How appropriate that Autumn translates fall. Fall is often associated with loss as is the case in Autumn when there occurs a loss of foliage, colour, time and light. In thinking about the two terms autumn
does indeed reflect upon a "falling away"
... or decline of warmth and growth that is associated with the high time of summer. It is, as well easy to understand the decline of our emotional high as we anticipate the approach of winters long and cold presence.
All that is visible around us in the natural world bespeaks loss ands a sense of austerity which for so many people develops into a deep melancholy and sadness. It is why Remembrance Day dovetails so perfectly with November. It seems that the two are austere
and fitting companions for the same calendar month.
conveys and encourages other meanings for me personally. Austerity yields an opportunity for one to more fully explore and discover truths that otherwise lay overridden... or hidden in other seasons. Brilliance... in any form can be blinding to the "ordinary" eye. It tends to overwhelm and evoke a sense of awe... both of which unwittingly undermine Truth.
Austerity pares away the wrappings and trappings of colour and complex forms... to reveal new insights and possibilities. It encourages simplicity and economy of expression. It more readily encourages the creation of visually tacit... terse and provocative visual poems
that defy painting conventions that are overly detailed and ornately structured.
The sentinel stands
To face winter's icy cold
"November's Sentinel - oil on panel 10x8 inches
visits us all at various times in our lives. It has many faces - death, illness,divorce, financial misfortune, business failure, loss of one's job, disasters - the list is endless. Adversity is a reality that none of can avoid... nor deny at any length. It must be somehow dealt with eventually. We must be able to move on beyond the usual human question... "Why me?"... to survive and continue our journeys.
We can best navigate safely through these precarious waters using wisdom and knowledge from trusted family, friends and mentors. We need to progress beyond pride and fear to face our adversity with sound foundations of Wisdom and Truth. These sources can only be effective when there exists a mutual basis of Trust and Respect. Neither can be given... they must be earned.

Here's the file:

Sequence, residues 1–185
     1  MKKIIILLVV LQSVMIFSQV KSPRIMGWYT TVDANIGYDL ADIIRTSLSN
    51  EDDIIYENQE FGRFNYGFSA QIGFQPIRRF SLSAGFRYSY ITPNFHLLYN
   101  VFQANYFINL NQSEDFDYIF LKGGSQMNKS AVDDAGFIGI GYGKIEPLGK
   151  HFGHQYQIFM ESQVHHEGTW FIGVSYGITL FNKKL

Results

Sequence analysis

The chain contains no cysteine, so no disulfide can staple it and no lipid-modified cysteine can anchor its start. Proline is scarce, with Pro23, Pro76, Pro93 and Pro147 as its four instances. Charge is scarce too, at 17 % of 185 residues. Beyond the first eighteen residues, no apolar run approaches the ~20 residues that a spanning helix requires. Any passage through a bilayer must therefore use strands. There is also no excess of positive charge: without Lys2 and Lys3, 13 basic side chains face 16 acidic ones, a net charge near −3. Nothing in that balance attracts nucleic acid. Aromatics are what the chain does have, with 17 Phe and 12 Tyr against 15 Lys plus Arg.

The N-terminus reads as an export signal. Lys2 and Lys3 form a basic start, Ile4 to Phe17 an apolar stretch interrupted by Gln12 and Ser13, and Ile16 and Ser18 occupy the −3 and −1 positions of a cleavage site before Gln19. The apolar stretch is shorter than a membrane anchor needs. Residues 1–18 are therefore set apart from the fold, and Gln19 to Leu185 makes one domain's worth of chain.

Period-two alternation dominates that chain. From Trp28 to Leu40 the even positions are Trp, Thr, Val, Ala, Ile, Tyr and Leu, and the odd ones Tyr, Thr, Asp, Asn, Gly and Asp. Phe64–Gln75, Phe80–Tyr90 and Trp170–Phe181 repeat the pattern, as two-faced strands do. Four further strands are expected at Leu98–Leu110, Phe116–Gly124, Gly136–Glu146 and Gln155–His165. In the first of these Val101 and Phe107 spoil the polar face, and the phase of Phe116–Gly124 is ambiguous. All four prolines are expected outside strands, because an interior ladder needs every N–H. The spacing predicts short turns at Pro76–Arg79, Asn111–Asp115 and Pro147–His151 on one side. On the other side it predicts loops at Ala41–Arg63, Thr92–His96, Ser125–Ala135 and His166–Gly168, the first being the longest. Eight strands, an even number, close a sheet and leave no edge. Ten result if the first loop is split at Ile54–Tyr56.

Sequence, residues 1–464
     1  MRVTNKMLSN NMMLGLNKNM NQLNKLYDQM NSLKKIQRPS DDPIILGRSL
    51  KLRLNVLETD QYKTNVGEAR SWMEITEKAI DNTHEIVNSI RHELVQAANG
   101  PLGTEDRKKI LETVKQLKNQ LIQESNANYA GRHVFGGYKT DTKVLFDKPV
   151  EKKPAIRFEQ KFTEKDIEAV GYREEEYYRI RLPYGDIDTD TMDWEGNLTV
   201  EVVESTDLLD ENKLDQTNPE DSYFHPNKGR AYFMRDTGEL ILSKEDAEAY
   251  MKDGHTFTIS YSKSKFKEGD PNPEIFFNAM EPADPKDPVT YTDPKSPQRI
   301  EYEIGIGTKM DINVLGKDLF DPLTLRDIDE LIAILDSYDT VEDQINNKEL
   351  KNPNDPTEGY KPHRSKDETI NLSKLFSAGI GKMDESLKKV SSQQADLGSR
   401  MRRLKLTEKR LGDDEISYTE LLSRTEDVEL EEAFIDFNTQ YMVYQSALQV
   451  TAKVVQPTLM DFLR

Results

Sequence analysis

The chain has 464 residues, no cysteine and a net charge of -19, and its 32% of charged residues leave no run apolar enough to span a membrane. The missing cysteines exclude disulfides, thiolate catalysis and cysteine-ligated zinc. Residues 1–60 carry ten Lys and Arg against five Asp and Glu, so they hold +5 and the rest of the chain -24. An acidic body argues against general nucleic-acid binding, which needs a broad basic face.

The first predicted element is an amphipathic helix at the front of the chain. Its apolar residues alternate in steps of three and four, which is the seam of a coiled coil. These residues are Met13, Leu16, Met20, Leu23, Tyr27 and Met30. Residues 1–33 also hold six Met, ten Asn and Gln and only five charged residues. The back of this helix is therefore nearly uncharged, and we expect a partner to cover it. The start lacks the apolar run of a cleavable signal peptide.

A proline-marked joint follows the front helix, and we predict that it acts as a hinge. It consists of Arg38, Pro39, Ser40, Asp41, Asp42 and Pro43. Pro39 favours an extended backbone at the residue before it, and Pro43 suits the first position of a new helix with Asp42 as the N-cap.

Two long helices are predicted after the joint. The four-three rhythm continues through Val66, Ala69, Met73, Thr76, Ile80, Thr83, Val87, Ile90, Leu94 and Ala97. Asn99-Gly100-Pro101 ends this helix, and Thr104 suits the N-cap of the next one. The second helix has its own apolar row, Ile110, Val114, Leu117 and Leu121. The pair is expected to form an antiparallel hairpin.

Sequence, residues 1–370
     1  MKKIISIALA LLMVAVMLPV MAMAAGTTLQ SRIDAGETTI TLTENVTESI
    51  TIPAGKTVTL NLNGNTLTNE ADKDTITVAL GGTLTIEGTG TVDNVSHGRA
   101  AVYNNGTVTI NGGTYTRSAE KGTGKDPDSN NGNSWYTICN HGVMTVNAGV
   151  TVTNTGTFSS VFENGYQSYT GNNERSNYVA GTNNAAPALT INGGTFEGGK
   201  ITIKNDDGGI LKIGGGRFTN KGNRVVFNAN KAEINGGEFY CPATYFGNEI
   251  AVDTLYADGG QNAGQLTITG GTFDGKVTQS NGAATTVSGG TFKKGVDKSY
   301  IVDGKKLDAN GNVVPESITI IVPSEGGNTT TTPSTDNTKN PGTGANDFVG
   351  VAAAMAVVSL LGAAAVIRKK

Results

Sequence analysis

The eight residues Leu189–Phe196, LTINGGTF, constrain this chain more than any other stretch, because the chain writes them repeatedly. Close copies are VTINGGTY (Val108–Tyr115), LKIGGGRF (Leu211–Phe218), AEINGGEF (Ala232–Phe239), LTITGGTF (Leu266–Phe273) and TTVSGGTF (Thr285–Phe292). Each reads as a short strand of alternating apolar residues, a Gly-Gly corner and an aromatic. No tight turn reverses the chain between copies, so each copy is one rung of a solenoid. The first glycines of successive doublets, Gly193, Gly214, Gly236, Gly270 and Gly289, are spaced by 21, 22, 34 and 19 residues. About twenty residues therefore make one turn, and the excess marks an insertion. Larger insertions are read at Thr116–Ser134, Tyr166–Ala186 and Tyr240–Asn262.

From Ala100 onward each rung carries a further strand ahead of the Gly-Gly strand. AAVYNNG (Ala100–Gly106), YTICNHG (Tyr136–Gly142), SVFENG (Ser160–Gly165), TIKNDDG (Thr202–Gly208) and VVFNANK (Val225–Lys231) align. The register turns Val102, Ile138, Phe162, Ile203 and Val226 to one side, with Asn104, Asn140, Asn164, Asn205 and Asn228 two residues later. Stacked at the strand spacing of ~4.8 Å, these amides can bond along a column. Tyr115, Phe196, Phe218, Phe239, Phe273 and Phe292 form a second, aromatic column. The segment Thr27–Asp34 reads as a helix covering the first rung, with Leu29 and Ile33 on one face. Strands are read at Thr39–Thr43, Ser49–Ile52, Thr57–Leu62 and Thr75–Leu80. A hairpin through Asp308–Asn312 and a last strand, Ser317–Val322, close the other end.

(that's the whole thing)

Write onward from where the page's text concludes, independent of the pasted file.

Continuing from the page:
Adversity in one's art creation can hardly be defined in terms of a lack of sales or critical comment. Adversity would more likely be attributed to our loss of powers of perception, or a physical disability which hampers or prevents working. Even in these most feared circumstances, one can discover individuals who have risen above such challenges to continue creative lives. What comes to mind in this regard... is my final A" word - adaptability.
Deb and I treated ourselves to a rare... and much deserved night at the movies last week. At the strong urging of our youngest son Bryn, we went to see The Martian, starring Matt damon. Do go and see this film!
What a powerful film masterpiece this is... for many reasons. The plot is spellbindingly brilliant and riveting. The acting skilfully blends the serious with the silly... fear with relief...empathy tinged with uplifting spiritual joy. The 3D cinematography combines with the Dolby Surround Sound to yield for the viewer as close to a truly martian experience for us who never will voyage to Mars... or wish to do so. The scientific information presented during the two hours plus completely baffles one's sense of time and space.